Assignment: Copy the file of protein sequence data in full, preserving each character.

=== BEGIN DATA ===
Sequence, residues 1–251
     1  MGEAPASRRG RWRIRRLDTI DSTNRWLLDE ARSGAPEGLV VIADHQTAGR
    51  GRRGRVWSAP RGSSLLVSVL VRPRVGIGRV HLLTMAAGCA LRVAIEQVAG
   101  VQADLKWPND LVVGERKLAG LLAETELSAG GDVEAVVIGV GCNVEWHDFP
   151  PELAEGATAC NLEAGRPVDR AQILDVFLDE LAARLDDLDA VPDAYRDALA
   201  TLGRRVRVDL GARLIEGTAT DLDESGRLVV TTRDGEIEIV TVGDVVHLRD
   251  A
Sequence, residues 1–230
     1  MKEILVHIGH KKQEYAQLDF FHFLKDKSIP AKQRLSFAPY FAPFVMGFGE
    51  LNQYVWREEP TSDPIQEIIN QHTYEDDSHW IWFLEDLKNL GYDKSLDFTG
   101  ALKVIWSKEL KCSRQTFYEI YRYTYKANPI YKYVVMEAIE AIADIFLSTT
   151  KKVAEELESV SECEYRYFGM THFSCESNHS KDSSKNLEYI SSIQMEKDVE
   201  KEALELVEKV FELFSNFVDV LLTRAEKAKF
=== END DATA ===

Sequence, residues 1–251
     1  MGEAPASRRG RWRIRRLDTI DSTNRWLLDE ARSGAPEGLV VIADHQTAGR
    51  GRRGRVWSAP RGSSLLVSVL VRPRVGIGRV HLLTMAAGCA LRVAIEQVAG
   101  VQADLKWPND LVVGERKLAG LLAETELSAG GDVEAVVIGV GCNVEWHDFP
   151  PELAEGATAC NLEAGRPVDR AQILDVFLDE LAARLDDLDA VPDAYRDALA
   201  TLGRRVRVDL GARLIEGTAT DLDESGRLVV TTRDGEIEIV TVGDVVHLRD
   251  A
Sequence, residues 1–230
     1  MKEILVHIGH KKQEYAQLDF FHFLKDKSIP AKQRLSFAPY FAPFVMGFGE
    51  LNQYVWREEP TSDPIQEIIN QHTYEDDSHW IWFLEDLKNL GYDKSLDFTG
   101  ALKVIWSKEL KCSRQTFYEI YRYTYKANPI YKYVVMEAIE AIADIFLSTT
   151  KKVAEELESV SECEYRYFGM THFSCESNHS KDSSKNLEYI SSIQMEKDVE
   201  KEALELVEKV FELFSNFVDV LLTRAEKAKF